On August 24th, 1995, people lined up outside of Best Buy and other computer stores at midnight to buy the latest in computer programming, and no it wasn’t the next Playstation game or can’t-miss Nintendo system, or the latest iPod. The people were desperate for something bigger: the latest operating system.
Microsoft’s Windows 95 release served as one of the most anticipated software launches of all time. The Verge writes, “Jay Leno helped launch the software alongside Microsoft co-founder Bill Gates, with a lot of jokes and the appearance of the entire Windows 95 development team on stage. It was a huge day for Microsoft with TV commercials blasting the Rolling Stones’ “Start Me Up” with images of the new Start button that we still (just about) use today. Microsoft even hired Jennifer Aniston and Matthew Perry to create an hour-long cyber sitcom all about Windows 95, and the software was so popular that 7 million copies were sold during the first five weeks.
Microsoft had other equally ambitious plans for Windows 95. A new Microsoft Network (MSN) application came bundled with a prominent icon on the desktop. MSN was designed to provide access to email, chat rooms, newsgroups, and the first WWW homepages through a dial-up connection. Microsoft charged a monthly fee to access MSN, and if you used it for more than three hours a month, there were extra charges. It was the early days of the internet and dial-up connections, and MSN now exists as a web service through various tailored apps or a browser.
Microsoft also introduced its first idea of syncing data between multiple machines in Windows 95. The My Briefcase aimed to sync files between a laptop and desktop machine, and in modern releases of Windows, it’s all cloud-powered thanks to Microsoft’s OneDrive storage service. Microsoft even introduced user profile support in Windows 95 to allow multiple family members to sign in and have their own separate profiles with links and applications. If you weren’t happy with all the new features of Windows 95 then you could have purchased Microsoft Plus! for Windows 95 at the time. It included the Internet Jumpstart Kit (an early version of Internet Explorer), theme support, and a number of system utilities. Subsequent updates to Windows 95 also introduced new features before Windows 98 arrived three years later to improve things even more.”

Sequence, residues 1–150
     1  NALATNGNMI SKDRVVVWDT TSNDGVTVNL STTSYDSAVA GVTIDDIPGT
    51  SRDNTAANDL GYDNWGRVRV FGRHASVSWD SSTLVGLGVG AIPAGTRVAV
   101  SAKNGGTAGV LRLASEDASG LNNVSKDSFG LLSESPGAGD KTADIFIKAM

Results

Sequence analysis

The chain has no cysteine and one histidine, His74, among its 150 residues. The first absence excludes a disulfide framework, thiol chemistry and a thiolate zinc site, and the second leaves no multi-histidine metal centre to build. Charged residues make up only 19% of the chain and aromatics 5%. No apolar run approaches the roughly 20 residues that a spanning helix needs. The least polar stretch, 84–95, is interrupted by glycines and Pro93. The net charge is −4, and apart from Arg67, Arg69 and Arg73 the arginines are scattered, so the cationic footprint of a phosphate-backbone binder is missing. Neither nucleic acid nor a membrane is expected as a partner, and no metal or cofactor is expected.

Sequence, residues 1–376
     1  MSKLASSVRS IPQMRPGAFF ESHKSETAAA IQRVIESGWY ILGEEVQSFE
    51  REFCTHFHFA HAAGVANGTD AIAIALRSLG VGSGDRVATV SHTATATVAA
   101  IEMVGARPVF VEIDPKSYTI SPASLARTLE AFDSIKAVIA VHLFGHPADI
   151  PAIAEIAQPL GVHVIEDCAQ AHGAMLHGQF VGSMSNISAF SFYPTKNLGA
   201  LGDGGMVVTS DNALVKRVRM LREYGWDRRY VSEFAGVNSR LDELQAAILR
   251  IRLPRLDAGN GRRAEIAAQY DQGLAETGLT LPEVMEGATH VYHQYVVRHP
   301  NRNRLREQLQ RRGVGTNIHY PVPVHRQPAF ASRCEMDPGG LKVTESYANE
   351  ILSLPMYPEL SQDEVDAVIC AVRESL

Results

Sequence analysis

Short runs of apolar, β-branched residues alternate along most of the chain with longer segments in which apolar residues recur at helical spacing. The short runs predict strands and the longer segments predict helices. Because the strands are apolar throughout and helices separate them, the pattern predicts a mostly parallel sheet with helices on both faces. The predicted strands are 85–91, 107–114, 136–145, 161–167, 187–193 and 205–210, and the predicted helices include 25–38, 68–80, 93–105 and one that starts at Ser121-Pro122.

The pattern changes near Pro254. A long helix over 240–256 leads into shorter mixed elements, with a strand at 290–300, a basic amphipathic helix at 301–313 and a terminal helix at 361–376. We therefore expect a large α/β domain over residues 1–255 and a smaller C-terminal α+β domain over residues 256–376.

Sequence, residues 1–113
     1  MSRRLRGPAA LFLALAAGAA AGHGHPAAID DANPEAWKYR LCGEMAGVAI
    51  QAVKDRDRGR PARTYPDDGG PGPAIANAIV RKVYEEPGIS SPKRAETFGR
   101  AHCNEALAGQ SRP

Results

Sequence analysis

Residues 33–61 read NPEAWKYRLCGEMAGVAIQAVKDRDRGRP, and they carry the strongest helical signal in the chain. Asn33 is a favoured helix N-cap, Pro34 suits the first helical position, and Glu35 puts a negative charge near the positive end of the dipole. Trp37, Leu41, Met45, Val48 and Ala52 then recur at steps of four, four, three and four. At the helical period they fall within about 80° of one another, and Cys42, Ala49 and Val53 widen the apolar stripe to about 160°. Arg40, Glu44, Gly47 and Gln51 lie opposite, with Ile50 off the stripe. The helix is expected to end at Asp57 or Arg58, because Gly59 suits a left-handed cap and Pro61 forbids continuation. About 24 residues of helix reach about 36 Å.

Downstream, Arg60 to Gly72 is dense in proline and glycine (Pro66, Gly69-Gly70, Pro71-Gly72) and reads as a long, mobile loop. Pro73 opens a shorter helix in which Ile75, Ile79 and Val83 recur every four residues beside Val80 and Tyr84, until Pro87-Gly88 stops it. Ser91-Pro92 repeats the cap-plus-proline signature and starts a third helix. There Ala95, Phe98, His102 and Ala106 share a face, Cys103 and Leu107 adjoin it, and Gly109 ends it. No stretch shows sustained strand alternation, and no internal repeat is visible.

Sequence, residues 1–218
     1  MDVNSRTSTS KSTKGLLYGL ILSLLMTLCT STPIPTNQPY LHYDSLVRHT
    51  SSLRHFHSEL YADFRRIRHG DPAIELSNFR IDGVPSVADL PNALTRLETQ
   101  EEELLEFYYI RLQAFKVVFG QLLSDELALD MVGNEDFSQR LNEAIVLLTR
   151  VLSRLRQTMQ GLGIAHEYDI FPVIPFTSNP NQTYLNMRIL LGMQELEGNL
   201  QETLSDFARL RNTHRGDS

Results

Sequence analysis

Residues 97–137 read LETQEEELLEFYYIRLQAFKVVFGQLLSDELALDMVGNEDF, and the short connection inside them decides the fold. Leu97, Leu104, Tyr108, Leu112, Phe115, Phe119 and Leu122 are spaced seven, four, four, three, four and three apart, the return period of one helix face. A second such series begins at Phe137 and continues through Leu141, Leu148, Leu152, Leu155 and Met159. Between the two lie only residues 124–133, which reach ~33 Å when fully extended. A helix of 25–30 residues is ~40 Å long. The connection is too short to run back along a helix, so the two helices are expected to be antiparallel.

Windows 95’s influence on personal computing extended beyond its technical advancements; its marketing strategy was vital in reshaping the public’s perception of computers. The use of the Rolling Stones’ “Start Me Up” in the advertising campaign was a stroke of genius, capturing the excitement and anticipation surrounding the new operating system. This choice of music, coupled with a visually appealing multimedia CD-ROM that showcased the features of Windows 95, not only made the product more relatable to a wider audience but also helped demystify computers. This approach shifted the narrative from computers being exclusively tools for tech enthusiasts to being accessible and relevant to everyday individuals, sparking a surge in interest and contributing to the mainstream acceptance of personal computing.
The legacy of Windows 95 endures in modern computing environments. Its innovations fundamentally altered the trajectory of operating systems, shaping the conventions we now take for granted. The Start button and Taskbar, introduced in Windows 95, remain core components of today’s Windows operating systems. The concept of multitasking seamlessly integrated into the user experience paved the way for how we manage applications and work processes in contemporary computing. The shift towards 32-bit architecture, improved memory management, and plug-and-play capabilities set a standard for hardware and software interaction that has evolved and improved over subsequent Windows versions.
Windows 95’s impact can also be seen in the broader technology landscape. Its emphasis on user-friendliness and graphical interfaces influenced not only other operating systems but also the development of software applications across various platforms. Moreover, the success of Windows 95 solidified Microsoft’s position as a dominant force in the software industry, allowing the company to invest in further research and development that led to subsequent breakthroughs. In essence, Windows 95’s contributions reverberate through the decades, reminding us that the roots of our modern digital experiences can be traced back to the bold innovations of this iconic operating system.